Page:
And that same evening in the Kremlin, De Gaulle himself was saying in a keynote toast to his Russian hosts: “Russia is indeed and in all respects the leading power in the part of the world where she is located. She seems to France to be an interlocutor with whom understanding and collaboration are natural to the highest degree. Until the time when all of Europe reaches the point of finding together the ways and means that would lead it to essential goals, everything in our view commits France and the Soviet Union to do so between themselves — right now.”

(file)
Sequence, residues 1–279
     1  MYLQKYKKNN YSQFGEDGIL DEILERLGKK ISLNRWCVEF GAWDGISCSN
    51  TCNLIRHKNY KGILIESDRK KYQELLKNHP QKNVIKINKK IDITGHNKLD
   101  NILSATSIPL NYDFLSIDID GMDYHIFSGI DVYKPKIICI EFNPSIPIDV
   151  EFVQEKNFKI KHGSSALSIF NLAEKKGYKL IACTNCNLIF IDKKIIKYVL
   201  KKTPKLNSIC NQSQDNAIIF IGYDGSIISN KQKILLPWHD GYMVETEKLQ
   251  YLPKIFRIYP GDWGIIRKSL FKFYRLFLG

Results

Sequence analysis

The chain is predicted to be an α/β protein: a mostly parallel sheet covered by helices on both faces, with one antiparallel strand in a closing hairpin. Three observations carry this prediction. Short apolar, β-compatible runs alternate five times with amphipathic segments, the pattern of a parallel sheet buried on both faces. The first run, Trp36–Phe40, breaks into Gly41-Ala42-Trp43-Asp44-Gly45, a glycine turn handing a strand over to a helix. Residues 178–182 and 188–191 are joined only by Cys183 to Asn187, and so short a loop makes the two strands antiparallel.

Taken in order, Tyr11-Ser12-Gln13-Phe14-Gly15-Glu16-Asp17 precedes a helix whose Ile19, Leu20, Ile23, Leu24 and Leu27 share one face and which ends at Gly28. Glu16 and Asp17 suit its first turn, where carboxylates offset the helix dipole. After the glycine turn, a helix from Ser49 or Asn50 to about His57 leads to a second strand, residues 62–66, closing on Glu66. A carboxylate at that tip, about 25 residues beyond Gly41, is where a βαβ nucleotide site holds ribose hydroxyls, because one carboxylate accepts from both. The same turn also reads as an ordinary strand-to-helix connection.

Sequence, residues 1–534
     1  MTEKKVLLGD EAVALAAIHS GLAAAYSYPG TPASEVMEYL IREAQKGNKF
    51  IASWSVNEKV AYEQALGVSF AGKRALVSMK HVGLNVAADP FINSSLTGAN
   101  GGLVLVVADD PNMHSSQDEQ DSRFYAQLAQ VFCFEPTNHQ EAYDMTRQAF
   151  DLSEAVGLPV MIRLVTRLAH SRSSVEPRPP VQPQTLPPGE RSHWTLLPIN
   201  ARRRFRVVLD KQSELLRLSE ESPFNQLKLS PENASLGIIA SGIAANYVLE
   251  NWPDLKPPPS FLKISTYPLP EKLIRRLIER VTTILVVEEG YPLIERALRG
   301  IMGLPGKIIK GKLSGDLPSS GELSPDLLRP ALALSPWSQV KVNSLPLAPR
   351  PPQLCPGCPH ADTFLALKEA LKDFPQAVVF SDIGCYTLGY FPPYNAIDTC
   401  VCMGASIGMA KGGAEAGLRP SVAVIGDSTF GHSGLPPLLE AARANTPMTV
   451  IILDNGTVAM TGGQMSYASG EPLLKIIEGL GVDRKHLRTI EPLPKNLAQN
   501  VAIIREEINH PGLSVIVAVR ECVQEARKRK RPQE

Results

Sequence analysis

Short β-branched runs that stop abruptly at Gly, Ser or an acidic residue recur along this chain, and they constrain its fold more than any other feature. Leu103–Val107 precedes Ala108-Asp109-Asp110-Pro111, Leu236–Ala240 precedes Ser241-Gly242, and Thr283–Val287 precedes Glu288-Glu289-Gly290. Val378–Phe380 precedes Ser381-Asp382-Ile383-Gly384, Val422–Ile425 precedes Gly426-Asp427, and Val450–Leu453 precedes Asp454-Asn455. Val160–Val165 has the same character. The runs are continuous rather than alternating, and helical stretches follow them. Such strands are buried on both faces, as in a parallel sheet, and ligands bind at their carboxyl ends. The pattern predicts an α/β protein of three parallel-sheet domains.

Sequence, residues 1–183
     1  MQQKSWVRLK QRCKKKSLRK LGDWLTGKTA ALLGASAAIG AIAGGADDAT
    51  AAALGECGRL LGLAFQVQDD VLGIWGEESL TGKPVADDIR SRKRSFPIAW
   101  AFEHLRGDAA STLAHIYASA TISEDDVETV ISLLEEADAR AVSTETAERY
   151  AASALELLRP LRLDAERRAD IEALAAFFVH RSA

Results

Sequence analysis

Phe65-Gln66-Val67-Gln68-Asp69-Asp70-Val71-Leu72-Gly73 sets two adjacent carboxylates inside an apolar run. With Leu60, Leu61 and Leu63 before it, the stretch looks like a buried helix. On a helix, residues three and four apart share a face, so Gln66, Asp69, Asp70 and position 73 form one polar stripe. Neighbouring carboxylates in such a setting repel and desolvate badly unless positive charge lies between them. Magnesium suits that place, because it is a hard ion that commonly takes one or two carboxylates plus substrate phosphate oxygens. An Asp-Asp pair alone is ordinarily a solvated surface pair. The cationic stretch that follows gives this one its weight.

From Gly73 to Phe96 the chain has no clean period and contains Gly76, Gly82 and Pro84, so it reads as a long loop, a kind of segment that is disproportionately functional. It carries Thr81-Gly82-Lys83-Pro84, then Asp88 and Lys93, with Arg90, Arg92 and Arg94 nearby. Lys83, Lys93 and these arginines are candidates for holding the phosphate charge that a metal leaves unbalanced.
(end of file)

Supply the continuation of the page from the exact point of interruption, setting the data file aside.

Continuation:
The last Western statesman to make a visit of comparable political importance to the Soviet Union was Prime Minister Harold Macmillan of Britain, seven years ago, in February, 1959. The contrasts between the Macmillan visit and the De Gaulle visit are revealing. Macmillan went to Russia in the dead of a cold-war winter to try to break the diplomatic, ice jam with Khrushchev over Berlin. De Gaulle arrived in the warmth of the summer sun to talk in sweeping generalities about historic friendship with Russia and a common interest in European détente. Macmillan toured a country which had only painfully clawed its way up out of the terrible physical destruction of the war and was still in the shadow of the psychological and moral destruction of the Stalin era. Seven years ago the Soviet Union was a country of silent fear, with the fear of another war worst of all.